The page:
June 24, 1916: Mary Pickford signs Hollywood’s first “million-dollar contract,” guaranteeing her at least $10,000 a week over its two-year term.
June 30, 1929: Alfred Hitchcock‘s Blackmail, which nearly saw completion as a silent film, was re-shot with sound, becoming Britain’s first “talkie.”
June 29, 1933: Unable to overcome the scandal that plagued him 12 years earlier, Roscoe “Fatty” Arbuckle, 46, dies penniless of a heart attack.
June 30, 1933: The Screen Actors Guild is founded in Hollywood, presided over by actor Ralph Morgan.
June 27, 1944: Esther Williams makes a splash in her first “all-singing, all-dancing, all-swimming” musical for MGM, Bathing Beauty.
June 25, 1951: After 27 years at the helm of MGM, Louis B. Mayer resigns following a heated feud with his eventual successor, producer Dore Schary.
June 28, 1961: The search is on for the perfect James Bond, after United Artists announces it will produce seven films based on Ian Fleming’s superspy.
June 29, 1967: Screen sex kitten Jayne Mansfield, 44, is killed in a car accident on a Louisiana highway. The sight of her wig nearby will stir up “beheading” rumors.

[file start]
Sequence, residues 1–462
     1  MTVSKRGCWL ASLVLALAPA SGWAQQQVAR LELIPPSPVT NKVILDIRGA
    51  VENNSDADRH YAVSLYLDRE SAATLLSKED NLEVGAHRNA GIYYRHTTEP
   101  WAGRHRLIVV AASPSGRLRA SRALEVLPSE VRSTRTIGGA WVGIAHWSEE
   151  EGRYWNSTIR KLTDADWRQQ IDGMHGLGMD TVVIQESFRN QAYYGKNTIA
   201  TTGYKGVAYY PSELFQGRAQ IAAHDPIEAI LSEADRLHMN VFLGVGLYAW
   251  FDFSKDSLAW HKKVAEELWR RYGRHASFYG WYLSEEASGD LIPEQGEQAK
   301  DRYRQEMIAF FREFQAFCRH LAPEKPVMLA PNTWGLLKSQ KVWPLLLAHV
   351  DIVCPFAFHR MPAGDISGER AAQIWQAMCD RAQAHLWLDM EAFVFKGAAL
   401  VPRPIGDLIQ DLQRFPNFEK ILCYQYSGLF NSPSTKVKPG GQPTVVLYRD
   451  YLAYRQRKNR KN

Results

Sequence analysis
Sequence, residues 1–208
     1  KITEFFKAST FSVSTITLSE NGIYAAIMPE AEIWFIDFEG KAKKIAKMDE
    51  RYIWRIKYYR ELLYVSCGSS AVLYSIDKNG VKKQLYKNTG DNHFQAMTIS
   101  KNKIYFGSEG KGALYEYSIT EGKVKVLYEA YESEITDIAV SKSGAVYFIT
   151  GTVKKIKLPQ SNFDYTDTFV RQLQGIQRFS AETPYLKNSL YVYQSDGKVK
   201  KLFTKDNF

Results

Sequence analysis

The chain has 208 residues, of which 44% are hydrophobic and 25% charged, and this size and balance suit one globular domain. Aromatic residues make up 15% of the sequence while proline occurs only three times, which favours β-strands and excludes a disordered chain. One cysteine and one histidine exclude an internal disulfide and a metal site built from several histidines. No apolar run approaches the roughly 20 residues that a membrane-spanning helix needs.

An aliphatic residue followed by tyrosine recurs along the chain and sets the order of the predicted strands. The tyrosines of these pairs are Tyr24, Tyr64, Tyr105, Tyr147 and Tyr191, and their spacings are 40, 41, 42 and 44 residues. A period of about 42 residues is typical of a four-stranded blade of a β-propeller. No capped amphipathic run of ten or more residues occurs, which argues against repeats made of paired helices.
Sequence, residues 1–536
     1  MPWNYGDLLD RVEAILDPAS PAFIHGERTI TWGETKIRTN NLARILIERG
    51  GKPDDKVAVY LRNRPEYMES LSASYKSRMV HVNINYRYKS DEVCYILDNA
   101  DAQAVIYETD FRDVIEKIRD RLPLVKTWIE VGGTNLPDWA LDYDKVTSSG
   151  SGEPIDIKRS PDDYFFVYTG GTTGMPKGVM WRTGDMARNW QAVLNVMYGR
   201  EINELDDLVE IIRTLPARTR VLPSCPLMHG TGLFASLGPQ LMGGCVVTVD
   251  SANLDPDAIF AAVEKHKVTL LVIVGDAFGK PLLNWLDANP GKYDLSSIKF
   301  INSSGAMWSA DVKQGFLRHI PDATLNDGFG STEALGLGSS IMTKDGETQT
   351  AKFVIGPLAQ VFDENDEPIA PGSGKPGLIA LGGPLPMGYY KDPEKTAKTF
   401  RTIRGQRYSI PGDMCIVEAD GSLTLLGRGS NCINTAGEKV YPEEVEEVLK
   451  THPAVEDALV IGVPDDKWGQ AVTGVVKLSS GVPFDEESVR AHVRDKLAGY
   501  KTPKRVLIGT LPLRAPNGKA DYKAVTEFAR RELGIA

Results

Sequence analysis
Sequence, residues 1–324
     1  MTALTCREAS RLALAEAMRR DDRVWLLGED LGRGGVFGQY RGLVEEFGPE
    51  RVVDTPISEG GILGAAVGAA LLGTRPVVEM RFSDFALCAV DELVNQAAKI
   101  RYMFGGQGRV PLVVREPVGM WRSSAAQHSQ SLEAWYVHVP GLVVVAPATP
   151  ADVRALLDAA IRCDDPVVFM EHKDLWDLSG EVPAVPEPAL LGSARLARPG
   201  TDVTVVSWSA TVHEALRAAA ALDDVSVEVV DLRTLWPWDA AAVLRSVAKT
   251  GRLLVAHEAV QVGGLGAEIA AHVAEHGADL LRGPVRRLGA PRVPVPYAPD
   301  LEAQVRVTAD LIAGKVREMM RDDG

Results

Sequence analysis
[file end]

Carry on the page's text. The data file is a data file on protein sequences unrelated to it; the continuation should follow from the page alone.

June 25, 1969: Sam Peckinpah‘s blood-soaked western about aging gunfighters, The Wild Bunch, opens today and will go on to be his undisputed masterpiece.
June 27, 1973: The tuxedo is passed on, as Roger Moore plays superspy James Bond for the first time in Live and Let Die.
June 24, 1974: After being judged obscene in a Georgia court, the U.S. Supreme Court rules that Mike Nichols‘ Carnal Knowledge is, in fact, not obscene.
June 30, 1983: Spanish-born director and master of cinematic surrealism Luis Bunuel dies in Mexico at 83.
June 30, 1989: Spike Lee‘s controversial look at race relations in a Brooklyn pizza parlor, Do the Right Thing, opens.